Unfortunately, most accidents associated with forklifts have to do with pedestrians. Pedestrian accidents are usually caused by view obstruction, turning the wrong way, or speeding. Be sure to check all of your surroundings, and don't carry loads that exceed your line of vision. On sites where many people are walking or have narrow pathways, speeding can be extremely dangerous.

Load Carrying Hazards

Another hazard that can cause accidents is loads. An operator needs to be sure that the weight they are carrying doesn't exceed the maximum capacity of the forklift. If you're carrying hazardous materials, follow all safety guidelines provided. Be sure to stabilize all loads before driving away. Further, ensure that your line of vision is clear, and so is your surrounding.

Poor Work Environment

A poor work environment can cause dangerous circumstances. A poorly lit warehouse can cause visual impairments and other accidents. Using ramps can also cause forklift accidents, and an area that isn't well ventilated can lead to inhaling harmful emissions from the lift. Crossing railway tracks can also lead to unstabilized loads.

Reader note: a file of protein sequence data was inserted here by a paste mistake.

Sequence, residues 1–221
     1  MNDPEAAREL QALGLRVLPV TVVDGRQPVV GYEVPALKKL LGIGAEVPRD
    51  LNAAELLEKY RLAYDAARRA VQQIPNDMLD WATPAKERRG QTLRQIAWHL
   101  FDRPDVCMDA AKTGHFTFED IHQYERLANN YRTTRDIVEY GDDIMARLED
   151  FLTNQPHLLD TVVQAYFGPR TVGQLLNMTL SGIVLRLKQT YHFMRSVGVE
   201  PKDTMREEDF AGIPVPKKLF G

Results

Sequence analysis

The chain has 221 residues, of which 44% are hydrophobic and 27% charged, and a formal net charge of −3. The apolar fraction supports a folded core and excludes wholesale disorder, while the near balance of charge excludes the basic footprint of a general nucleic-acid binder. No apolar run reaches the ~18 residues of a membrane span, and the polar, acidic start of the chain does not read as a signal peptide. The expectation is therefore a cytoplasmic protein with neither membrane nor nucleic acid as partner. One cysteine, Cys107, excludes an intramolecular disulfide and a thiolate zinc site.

Industrial Forklift Safety Standards

Safety is always the number one concern on any job site. The easiest way to increase overall safety on the job is to make sure that all workers are properly trained according to OSHA standards. The second most important rule for increasing safety and decreasing accidents is following safety protocols and standards every day. OSHA has designated three main areas of safety protocols related to industrial forklifts.

Loading and Unloading

Forklift tip-overs are the number one cause of fatalities when operating a forklift, representing 25 percent of all fatalities. The leading causes of these types of accidents are the load itself, the factory environment, and the actions of the operator. Operators should always be aware of the capabilities of their lift, and never attempt to move any loads over their weight capacity. Before operating a lift, workers should inspect the area they will be working in for possible falling materials hazards, uneven or unstable terrain, and any other external hazards. Operators should also perform a  pre-work inspection on the vehicle and never operate a vehicle that is damaged or has had safety gear disabled.

Hazardous Materials Handling